In this article, Stacey Wilkinson talks about how her experiences whilst travelling the world as a recruiter led her to believe that economies need more women in the tech world
I am a 38-year-old woman who, after graduating in a degree that proved utterly useless to me, found myself working in tech, quite by accident, at aged 26.
That’s not to say I haven’t tried other careers over the years (purely out of curiosity) but nowadays I am what some call a ‘digital nomad’, travelling the globe with my laptop, recruiting people with tech skills, for some of the most innovate companies in the world.
What I will say is this.
If you desire a career that is lucrative, one that is constantly evolving and adapting to the market, one where you can move relatively seamlessly between countries and continents, one which is guaranteed to offer you job security for the rest of your life – get into tech/IT/computer science/cyber/whatever-you-want-to-call-it.
And what’s more, if you end up being even remotely good at what you do – be it software development, project management, data analytics – you will never have to formally apply for a job again. One can sit back and prepare to be headhunted via LinkedIn (and the likes of me) for the rest of your life.
Alternatively, if you’re a woman who enjoys being the ‘only female in the village’ – get into tech. It’s a seriously male-dominated industry and every software house, fintech startup, eGaming company etc. I have ever worked with since 2006 has said to me “if you can find us a woman for any of these roles Stacey, that would be great.”
In terms of rousing interest for tech in both genders, I think the problem started in the 80s with computers and robots being mass-marketed at boys, with films such as Weird Science (two boys create a robot depicting their dream woman), RoboCop, Short Circuit (Steve Guttenberg is the brilliant young scientist who creates the robot No.5, whereas Ally Sheedy’s character is the animal-loving, ice-cream-van driver who falls for Guttenberg), Flight of the Navigator etc.
It’s a seriously male-dominated industry and every software house, fintech startup, eGaming company etc. I have ever worked with since 2006 has said to me “if you can find us a woman for any of these roles Stacey, that would be great.”
Speaking as an 80s’ child myself, this was then perpetuated at school, where most young girls – put off by boys in general at that age – avoided the subjects where they themselves were the minority. Girls were geared towards the emotive, arty, more expressive subjects, like home economics and literature.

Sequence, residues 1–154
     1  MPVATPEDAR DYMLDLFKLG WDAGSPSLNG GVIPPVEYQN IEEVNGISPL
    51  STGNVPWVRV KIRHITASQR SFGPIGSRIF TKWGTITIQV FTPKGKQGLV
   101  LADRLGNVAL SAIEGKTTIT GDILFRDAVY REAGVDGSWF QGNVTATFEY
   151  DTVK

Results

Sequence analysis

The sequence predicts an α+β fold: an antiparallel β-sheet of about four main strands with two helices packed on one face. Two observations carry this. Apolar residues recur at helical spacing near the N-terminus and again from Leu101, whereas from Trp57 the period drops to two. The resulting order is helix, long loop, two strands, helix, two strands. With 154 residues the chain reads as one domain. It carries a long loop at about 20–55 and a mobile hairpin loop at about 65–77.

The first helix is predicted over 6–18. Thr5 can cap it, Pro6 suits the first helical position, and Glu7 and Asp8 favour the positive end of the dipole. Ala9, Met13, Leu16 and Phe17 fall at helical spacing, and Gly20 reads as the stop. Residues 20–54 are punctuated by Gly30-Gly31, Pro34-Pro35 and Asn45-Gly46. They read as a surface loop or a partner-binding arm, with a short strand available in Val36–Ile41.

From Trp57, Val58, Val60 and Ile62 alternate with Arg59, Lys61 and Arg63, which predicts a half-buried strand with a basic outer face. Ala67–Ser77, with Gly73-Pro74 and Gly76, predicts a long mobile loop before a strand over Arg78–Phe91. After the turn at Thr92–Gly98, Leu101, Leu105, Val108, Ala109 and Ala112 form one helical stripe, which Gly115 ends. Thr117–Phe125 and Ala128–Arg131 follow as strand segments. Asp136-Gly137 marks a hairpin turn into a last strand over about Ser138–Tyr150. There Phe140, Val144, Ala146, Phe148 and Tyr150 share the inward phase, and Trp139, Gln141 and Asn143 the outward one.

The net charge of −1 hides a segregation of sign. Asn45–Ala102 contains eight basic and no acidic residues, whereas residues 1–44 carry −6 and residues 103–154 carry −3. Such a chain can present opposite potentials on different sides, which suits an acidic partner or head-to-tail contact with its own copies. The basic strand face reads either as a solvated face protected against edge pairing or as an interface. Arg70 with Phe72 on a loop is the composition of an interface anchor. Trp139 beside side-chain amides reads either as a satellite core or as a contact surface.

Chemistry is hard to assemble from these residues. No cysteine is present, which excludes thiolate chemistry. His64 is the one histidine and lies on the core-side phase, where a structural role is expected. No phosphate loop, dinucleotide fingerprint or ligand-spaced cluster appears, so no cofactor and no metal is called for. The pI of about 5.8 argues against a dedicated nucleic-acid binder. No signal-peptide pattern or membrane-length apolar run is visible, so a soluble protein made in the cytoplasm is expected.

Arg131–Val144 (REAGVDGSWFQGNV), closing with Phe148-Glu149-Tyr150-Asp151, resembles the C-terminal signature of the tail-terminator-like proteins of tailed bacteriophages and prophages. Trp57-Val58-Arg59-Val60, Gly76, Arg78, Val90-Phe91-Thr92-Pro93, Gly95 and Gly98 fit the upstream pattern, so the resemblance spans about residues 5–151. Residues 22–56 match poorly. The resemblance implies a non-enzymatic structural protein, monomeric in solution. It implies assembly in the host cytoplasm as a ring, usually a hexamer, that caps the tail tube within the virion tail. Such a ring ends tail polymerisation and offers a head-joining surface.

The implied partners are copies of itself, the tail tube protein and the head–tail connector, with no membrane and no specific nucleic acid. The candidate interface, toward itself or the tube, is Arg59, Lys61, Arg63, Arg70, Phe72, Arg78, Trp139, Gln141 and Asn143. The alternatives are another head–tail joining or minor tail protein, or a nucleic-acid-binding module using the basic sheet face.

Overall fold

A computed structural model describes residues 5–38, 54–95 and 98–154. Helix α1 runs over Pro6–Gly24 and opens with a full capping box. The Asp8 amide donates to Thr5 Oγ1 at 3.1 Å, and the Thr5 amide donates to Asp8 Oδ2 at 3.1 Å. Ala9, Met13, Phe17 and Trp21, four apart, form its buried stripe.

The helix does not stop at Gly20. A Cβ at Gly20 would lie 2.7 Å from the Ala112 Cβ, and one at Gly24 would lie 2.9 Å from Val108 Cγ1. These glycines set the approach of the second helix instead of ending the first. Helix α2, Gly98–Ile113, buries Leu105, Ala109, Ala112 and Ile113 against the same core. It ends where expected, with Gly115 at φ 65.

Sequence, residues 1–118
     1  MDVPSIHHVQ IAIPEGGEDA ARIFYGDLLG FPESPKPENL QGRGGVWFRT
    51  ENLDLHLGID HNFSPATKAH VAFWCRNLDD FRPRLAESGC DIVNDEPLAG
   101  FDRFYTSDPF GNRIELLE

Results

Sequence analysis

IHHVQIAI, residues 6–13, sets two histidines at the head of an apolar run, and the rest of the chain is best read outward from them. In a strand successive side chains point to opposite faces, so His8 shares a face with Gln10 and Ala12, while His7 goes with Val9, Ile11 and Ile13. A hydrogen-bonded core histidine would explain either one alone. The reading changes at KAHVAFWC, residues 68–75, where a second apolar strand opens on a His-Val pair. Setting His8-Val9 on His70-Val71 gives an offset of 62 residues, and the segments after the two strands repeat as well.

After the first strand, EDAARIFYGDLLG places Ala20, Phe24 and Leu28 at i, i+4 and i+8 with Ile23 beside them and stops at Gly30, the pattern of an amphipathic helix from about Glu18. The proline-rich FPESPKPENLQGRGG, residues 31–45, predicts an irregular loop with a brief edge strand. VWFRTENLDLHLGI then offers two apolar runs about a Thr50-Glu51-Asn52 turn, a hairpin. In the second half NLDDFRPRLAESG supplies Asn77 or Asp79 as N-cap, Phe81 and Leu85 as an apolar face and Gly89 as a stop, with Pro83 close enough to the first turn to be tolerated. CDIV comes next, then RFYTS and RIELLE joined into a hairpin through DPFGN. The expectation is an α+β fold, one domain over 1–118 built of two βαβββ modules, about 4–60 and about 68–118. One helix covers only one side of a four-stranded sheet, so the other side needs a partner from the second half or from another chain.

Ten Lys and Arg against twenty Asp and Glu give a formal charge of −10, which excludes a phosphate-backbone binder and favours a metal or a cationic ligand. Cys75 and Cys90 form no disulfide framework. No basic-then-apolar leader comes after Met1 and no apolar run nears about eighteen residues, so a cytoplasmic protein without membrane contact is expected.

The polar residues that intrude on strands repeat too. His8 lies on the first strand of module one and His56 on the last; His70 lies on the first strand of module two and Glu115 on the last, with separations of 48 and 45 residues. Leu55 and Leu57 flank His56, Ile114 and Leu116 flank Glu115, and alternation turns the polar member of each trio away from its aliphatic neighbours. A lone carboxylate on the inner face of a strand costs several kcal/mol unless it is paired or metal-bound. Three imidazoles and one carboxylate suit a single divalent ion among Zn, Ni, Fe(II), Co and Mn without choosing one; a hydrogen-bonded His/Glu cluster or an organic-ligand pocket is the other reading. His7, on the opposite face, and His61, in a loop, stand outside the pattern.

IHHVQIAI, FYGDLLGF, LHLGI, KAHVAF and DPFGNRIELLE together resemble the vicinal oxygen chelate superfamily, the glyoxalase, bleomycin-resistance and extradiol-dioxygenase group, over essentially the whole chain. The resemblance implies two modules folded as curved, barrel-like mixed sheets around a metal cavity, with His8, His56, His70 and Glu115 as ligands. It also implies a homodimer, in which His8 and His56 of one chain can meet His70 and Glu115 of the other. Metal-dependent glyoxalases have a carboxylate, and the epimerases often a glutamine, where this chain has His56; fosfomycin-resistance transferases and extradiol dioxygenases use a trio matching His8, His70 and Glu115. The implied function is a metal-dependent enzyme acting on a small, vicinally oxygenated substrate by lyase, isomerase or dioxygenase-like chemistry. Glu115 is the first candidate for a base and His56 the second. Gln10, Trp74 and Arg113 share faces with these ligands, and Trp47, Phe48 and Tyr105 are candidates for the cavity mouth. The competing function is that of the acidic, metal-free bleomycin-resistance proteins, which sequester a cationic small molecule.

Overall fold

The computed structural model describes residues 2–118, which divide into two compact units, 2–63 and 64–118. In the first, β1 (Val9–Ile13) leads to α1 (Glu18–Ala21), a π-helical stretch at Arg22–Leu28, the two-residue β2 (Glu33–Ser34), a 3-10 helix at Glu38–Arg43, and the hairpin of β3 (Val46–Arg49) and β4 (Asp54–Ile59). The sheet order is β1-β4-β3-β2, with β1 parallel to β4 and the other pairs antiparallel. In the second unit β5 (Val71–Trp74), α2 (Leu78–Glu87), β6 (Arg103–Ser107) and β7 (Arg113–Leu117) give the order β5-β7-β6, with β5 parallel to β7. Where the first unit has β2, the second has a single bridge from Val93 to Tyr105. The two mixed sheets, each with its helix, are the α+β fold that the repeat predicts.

The image of the ‘nerdy’ bespectacled software engineer, face-down over a desk in coding, just didn’t appeal to the majority of teenage girls and maybe still doesn’t, I guess. What needs to be taught to school children these days, is that this image has long gone and it’s a far-from-accurate portrayal of what the modern-day computer programmer looks like. If I had a pound for every time a company asked me to find them a ‘software developer with good communication skills’.
I think the problem started in the 80s with computers and robots being mass-marketed at boys
Lack-of-women aside, there has been one other constant in the IT market for the last thirteen years: I’ve noticed a massive skills shortage across all sectors and the gap is only going to get bigger. I work with companies in every continent and this is the case for the majority of locations I have ever recruited in – be it Yorkshire, the Isle of Man, the USA or Hong Kong – my most recent placement areas.
In light of the skills shortage epidemic, I have managed to carve a niche in that I tend to be asked to help companies recruit skilled workers in the most remote/sparsely-populated areas. I have successfully relocated fifteen people from Asia and various parts of Europe, over to the Isle of Man, to fill roles in eGaming companies.
I am currently working on a large-scale recruitment project which involves growing a tech firm in the Black Forest area of Germany. It’s an absolutely stunning location and the hiring managers are desperate to cultivate a more varied workforce over there, but the skills in that part of the world don’t come in abundance and we’ve got around 80 roles coming out of this area in the next 12 months, so if anyone – male or female – is seriously considering relocation, get in touch.
That all said, I do hope more young women start to see tech as an obviously rewarding career path and I am always happy to give advice to anyone interested in tech.
As the late British Computer Scientist, Karen Spärck Jones said, ‘computing is too important to be left to men.’ Sorry, guys!
Editor's Recommended Articles
Must Read >> Insights: Being a woman in the technology industry
Must Read >> Who can see your personal data and browsing history?